Everything is bigger in the world of connected objects, also known as the Internet of Things. Well, except for the devices themselves. Indeed, these are usually small enough to contain only a few chips. And they’re often hidden from view. However, the sheer magnitude of data and devices in the IoT is a headache for any cyber security professional.
What is the IoT or Internet of Things?
In reality, the definition of the Internet of Things (also called IoT or IoT) is not fixed. It covers both conceptual and technical dimensions.
From a conceptual point of view, the Internet of Things characterizes connected physical objects with their own digital identity and capable of communicating with each other. This network creates a bridge between the physical and virtual worlds.
From a technical point of view, the IoT consists in the direct and standardized digital identification (IP address, smtp, http protocols…) of a physical object thanks to a wireless communication system which can be based on a RFID chip, Bluetooth or Wi-Fi.
The connected objects produce large quantities of data, the storage and processing of which is part of what is called Big data. Big data refers to all digital data produced by the use of new technologies for personal or professional purposes. This includes corporate data such as e-mails, documents, databases, business processor histories, etc.
In logistics, these can be sensors used to track goods for inventory management and routing. In the field of environment, it will be sensors monitoring air quality, temperature, noise level, building condition, etc. In home automation, IoT covers all communicating household appliances, sensors (thermostat, smoke detectors, presence detectors, etc.), smart meters and security systems connected to home automation box-type devices.
Here are the most significant cyber security threats facing the IoT today.
Exploitable and often hidden potential
Many connected objects are designed for limited tasks. These can be for example temperature detection or motion recording. But they run on microcontrollers and operating systems capable of doing much more in the background without hindering their primary purpose. This is an important opportunity for a cyber-attacker. And it represents a significant risk to the owners and the companies they work for.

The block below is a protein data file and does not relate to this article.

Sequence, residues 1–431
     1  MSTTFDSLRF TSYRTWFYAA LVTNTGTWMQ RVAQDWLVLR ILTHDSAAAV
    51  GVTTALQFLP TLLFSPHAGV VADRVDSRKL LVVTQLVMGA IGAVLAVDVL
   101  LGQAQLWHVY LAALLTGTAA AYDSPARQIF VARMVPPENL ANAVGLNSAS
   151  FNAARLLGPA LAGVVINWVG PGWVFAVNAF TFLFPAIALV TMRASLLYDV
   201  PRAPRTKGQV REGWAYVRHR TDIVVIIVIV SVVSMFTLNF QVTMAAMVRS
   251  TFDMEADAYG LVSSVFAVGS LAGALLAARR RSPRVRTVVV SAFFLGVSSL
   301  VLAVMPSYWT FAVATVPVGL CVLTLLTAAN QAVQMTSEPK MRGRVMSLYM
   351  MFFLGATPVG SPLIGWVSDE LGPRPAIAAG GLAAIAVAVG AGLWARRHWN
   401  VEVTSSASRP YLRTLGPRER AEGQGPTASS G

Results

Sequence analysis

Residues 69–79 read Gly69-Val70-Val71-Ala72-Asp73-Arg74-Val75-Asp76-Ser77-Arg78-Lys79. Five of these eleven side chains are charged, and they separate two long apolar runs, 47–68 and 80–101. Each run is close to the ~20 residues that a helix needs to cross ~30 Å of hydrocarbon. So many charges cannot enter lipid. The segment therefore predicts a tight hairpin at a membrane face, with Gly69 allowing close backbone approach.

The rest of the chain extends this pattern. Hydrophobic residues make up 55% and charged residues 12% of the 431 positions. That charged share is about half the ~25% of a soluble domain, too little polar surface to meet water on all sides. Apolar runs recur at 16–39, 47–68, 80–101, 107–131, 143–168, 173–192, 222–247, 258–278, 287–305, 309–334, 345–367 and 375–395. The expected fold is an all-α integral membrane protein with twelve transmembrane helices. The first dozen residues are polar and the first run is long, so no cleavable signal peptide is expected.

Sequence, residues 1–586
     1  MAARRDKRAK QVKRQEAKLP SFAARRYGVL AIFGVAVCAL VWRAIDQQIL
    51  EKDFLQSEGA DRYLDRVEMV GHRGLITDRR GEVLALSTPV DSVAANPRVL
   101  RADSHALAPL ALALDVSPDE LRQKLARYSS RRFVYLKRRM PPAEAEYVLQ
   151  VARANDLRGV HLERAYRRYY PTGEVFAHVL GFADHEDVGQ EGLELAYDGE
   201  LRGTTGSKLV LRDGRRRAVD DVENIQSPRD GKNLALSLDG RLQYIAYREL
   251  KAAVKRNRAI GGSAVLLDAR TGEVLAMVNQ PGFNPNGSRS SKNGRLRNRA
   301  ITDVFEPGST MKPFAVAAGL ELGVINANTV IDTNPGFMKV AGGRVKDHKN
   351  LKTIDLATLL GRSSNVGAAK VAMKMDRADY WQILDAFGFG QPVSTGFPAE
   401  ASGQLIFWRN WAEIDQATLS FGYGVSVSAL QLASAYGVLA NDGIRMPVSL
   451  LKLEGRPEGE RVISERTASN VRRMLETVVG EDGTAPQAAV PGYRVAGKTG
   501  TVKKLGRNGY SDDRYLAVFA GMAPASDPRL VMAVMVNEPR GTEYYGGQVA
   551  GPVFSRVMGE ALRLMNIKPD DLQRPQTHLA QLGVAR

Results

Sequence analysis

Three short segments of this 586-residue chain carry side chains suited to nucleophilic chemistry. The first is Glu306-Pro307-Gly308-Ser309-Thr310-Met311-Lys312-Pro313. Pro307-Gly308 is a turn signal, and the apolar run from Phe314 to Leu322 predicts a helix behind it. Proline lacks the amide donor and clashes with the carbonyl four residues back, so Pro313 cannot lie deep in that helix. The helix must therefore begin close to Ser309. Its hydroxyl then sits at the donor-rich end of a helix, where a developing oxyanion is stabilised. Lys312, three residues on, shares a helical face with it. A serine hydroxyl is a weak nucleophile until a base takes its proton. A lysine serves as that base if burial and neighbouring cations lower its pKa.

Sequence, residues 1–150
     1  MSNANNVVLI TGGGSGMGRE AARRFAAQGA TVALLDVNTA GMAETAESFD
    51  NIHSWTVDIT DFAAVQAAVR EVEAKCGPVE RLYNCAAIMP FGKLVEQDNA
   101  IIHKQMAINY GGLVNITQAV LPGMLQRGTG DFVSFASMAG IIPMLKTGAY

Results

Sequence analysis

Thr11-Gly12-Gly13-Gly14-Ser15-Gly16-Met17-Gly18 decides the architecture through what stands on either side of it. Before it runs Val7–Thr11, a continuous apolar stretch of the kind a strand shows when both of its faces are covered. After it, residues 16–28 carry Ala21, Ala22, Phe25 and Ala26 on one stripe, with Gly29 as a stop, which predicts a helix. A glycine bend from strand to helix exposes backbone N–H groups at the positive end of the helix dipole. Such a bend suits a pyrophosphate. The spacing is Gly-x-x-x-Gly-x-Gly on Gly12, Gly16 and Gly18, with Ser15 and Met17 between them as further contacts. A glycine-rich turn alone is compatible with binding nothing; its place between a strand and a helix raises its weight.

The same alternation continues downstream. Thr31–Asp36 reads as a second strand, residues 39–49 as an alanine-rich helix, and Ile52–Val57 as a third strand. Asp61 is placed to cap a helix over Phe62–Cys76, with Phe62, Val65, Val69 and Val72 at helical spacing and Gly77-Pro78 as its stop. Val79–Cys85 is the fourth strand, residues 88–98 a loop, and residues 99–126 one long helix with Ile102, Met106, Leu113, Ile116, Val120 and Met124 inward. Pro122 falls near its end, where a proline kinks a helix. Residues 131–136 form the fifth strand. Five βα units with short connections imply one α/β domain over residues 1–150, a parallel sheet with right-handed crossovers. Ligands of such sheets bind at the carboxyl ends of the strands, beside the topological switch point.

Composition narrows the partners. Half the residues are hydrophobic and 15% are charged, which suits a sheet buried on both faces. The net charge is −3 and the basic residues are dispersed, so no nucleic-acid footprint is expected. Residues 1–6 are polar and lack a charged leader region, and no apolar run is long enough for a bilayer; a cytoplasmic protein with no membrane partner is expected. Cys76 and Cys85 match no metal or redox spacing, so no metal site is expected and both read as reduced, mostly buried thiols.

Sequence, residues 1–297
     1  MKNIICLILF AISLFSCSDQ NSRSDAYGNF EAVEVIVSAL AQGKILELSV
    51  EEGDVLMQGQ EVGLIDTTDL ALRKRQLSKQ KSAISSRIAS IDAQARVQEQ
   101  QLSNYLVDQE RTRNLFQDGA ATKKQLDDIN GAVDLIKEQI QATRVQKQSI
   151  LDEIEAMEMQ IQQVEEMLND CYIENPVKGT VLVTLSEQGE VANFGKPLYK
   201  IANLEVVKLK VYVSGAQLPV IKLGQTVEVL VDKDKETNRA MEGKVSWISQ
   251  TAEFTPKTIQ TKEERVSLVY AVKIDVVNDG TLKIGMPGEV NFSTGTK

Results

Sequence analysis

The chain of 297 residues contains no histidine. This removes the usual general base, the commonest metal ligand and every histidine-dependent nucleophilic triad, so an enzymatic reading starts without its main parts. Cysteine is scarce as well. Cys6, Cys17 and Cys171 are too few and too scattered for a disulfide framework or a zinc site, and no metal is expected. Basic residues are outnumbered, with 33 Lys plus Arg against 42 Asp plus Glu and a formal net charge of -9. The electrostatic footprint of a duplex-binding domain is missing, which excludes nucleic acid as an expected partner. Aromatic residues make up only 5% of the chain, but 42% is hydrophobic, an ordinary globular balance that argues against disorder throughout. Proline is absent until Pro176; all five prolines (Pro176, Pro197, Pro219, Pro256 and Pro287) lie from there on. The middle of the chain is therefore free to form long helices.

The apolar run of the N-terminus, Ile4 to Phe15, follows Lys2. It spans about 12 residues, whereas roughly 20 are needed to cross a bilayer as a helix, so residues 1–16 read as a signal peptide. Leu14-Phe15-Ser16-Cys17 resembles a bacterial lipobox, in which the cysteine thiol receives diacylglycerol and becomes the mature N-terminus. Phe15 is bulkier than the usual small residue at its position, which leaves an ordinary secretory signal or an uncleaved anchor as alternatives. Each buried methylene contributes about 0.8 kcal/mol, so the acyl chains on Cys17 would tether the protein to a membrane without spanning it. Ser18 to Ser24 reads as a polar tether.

It is therefore necessary to involve information security managers in a company’s IoT purchasing process. They must be involved in the same way as for any other technology acquisition. Whether it’s servers and storage racks or drones, cameras and smart lights, they should not be consulted after everything has been determined and purchased. Then it is far too late to act. Information security risk assessment must be carried out systematically upstream of any project.
Terminals that know how to be forgotten
Many connected objects are designed to be forgotten. They have to work for years, often with only a button cell as a power source. They can be built into walls or ceilings. They are also often mounted on factory equipment that is inaccessible to service personnel during maintenance rounds.
This is very practical for what they are intended for. They are expected to be reliable and require little maintenance. But they are a real issue for IT asset management and cyber security strategy. One of the main risk factors is that people forget about them.
To remedy this, create and apply the same type of strict replacement and refresh cycles already used for IT equipment such as data center servers and laptops. Since many IoT devices can be physically hidden for years, this may require more detailed documentation than a replacement plan such as that for traditional smartphones.